SARAJEVO -- Bosnians voted in local elections on November 15 that were delayed due to the country’s budget crisis, amid concerns that a surge in coronavirus infections could keep many voters away.
About 3.3 million voters are eligible to help choose town and municipal councils and mayors in the country's two autonomous regions -- the Bosniak-Croat Federation and Republica Srpska -- as well as the neutral Brcko district.
Some 38.8 percent of voters had cast their ballots by 4 p.m., three hours before polls closed. Preliminary results are expected by midnight.
The number of coronavirus cases and related deaths in Bosnia-Herzegovina have been rising sharply in recent weeks, with health authorities now reporting nearly 72,000 infections, including more than 1,800 fatalities.
In order to mitigate the risk of infection, voters at polling stations are required to observe strict physical distancing, wear face masks, and wash their hands. Voter temperatures are also being taken and polling stations are regularly disinfected.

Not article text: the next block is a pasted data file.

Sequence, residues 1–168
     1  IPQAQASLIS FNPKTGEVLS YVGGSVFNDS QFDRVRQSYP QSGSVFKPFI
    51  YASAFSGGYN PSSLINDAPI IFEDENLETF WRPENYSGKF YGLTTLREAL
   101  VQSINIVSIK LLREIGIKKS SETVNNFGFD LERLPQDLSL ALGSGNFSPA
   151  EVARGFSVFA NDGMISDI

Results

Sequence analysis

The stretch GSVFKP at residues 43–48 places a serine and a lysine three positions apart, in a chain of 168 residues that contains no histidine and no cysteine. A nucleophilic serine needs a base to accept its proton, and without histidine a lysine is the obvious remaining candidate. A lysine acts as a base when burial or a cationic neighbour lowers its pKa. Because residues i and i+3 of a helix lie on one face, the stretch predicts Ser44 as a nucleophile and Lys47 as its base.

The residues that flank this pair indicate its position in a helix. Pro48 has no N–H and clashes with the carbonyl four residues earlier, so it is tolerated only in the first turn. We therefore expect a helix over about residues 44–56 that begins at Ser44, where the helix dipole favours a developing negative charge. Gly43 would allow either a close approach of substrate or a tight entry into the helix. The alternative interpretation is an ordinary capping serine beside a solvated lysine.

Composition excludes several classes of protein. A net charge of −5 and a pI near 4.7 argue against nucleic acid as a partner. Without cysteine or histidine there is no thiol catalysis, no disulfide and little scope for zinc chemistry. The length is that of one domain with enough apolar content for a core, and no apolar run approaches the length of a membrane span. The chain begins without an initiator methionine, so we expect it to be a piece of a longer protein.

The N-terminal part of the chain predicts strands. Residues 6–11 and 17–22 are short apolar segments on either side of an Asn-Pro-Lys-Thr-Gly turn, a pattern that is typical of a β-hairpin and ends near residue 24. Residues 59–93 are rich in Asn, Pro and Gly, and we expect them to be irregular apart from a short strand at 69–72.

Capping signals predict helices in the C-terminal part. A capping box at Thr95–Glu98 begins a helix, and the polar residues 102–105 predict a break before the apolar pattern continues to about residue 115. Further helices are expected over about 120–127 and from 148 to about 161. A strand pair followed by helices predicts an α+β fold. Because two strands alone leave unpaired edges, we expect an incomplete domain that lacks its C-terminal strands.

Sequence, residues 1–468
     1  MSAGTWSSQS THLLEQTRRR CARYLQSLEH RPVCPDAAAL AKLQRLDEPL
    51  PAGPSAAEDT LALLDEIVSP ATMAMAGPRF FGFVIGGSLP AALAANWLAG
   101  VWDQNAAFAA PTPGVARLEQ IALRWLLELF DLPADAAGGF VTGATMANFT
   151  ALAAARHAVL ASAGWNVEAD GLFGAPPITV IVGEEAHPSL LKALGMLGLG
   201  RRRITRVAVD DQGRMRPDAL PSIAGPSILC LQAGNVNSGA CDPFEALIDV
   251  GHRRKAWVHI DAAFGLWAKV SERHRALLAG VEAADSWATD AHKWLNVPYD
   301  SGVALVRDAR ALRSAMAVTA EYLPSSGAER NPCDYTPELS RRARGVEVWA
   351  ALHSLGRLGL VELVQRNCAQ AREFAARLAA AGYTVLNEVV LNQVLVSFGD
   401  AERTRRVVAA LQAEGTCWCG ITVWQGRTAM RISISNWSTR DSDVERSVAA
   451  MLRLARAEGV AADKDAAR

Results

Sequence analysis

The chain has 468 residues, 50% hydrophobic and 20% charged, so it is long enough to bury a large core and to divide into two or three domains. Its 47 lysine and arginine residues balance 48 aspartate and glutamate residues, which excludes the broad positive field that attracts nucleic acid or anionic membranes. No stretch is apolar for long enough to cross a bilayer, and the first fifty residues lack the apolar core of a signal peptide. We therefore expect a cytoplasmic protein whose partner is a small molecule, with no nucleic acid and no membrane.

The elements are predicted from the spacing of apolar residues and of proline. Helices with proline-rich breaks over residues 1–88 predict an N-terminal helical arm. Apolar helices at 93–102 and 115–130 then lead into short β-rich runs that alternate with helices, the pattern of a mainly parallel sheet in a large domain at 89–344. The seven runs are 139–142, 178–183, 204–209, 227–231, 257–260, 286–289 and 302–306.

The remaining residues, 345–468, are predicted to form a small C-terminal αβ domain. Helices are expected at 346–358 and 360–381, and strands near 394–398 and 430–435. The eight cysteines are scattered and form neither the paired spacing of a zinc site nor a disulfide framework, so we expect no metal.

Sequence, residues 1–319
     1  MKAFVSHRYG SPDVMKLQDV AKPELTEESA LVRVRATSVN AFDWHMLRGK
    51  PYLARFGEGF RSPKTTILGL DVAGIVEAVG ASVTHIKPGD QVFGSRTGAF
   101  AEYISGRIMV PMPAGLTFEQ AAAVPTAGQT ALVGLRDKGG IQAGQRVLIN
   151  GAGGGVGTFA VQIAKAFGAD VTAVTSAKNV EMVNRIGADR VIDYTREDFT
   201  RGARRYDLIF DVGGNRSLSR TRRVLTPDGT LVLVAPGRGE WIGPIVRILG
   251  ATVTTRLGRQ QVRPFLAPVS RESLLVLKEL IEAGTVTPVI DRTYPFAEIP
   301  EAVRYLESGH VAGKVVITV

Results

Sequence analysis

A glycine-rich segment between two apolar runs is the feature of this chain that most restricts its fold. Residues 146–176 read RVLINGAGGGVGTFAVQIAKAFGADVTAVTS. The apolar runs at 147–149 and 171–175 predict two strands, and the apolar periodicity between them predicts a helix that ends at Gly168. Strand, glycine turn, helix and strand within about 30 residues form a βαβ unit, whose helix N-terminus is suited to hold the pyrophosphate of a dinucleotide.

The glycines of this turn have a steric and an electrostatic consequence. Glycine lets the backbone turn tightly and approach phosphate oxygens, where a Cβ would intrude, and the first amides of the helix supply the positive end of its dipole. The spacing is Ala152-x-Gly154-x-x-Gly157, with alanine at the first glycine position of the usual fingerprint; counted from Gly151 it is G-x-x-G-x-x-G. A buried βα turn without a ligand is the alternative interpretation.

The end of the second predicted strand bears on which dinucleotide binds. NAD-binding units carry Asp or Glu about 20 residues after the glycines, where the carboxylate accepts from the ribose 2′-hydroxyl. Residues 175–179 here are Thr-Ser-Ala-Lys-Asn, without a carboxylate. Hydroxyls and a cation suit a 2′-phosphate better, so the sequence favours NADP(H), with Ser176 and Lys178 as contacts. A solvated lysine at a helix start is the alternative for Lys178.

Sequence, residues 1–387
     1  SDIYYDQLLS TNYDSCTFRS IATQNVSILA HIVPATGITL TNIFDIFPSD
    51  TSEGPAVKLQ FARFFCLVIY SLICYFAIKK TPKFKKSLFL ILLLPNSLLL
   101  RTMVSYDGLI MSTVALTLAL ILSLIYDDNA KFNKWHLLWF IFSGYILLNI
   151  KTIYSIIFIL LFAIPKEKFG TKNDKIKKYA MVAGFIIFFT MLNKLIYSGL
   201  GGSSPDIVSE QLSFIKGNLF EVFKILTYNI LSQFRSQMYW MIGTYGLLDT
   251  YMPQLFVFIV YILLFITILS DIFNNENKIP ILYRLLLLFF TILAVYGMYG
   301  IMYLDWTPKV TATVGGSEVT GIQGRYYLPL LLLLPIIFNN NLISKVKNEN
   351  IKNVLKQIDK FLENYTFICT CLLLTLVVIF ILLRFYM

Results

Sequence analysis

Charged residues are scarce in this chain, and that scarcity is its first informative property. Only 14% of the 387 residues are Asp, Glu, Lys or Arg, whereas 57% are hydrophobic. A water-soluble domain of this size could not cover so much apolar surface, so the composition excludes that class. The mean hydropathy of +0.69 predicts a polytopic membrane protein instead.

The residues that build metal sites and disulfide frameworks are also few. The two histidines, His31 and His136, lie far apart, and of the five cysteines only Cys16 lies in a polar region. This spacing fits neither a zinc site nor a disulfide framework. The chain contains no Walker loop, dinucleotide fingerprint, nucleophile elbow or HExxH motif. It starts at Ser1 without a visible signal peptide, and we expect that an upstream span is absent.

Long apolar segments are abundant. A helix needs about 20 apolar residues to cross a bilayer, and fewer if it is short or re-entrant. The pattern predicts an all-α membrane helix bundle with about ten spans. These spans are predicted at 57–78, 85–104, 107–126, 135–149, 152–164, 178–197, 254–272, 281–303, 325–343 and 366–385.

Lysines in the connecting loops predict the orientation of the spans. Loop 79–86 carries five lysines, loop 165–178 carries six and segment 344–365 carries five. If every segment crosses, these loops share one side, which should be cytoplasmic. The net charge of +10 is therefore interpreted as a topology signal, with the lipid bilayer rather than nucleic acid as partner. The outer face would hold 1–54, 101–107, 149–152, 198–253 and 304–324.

Dozens of mobile polling teams have been dispatched to take ballots to citizens under quarantine.
In Srebrenica, the head of the Bosniak political coalition Moja Adresa (My Address) complained that Serbia residents were traveling to the eastern Bosnian town, located not far from the Serbian border, to participate in the election.
"It has been taking place for several years…and no one has [been able] to help prevent it. People from Serbia who in most cases have nothing to do with Srebrenica come in an organized manner. They are greeted by teams at the border crossing and taken to the polls,” Sadik Ahmetovic told RFE/RL.
On election day, many cars with Serbian license plates could be seen in Srebrenica.
The elections were originally slated for October 4. But the government’s delay in adopting a national budget, including funding for the elections, led to the postponement.
The ethnically divided southern city of Mostar will hold elections separately on December 20.
Those long-delayed elections will be the first in Mostar in 12 years and come after Bosnia’s main Bosniak and Croat parties in June reached a last-minute agreement on a new statute for the city.
Mostar has not held municipal polls since 2008 because of the authorities' failure to enforce a 2010 ruling by Bosnia's Constitutional Court that said the city's power-sharing structure was unconstitutional and needed reform.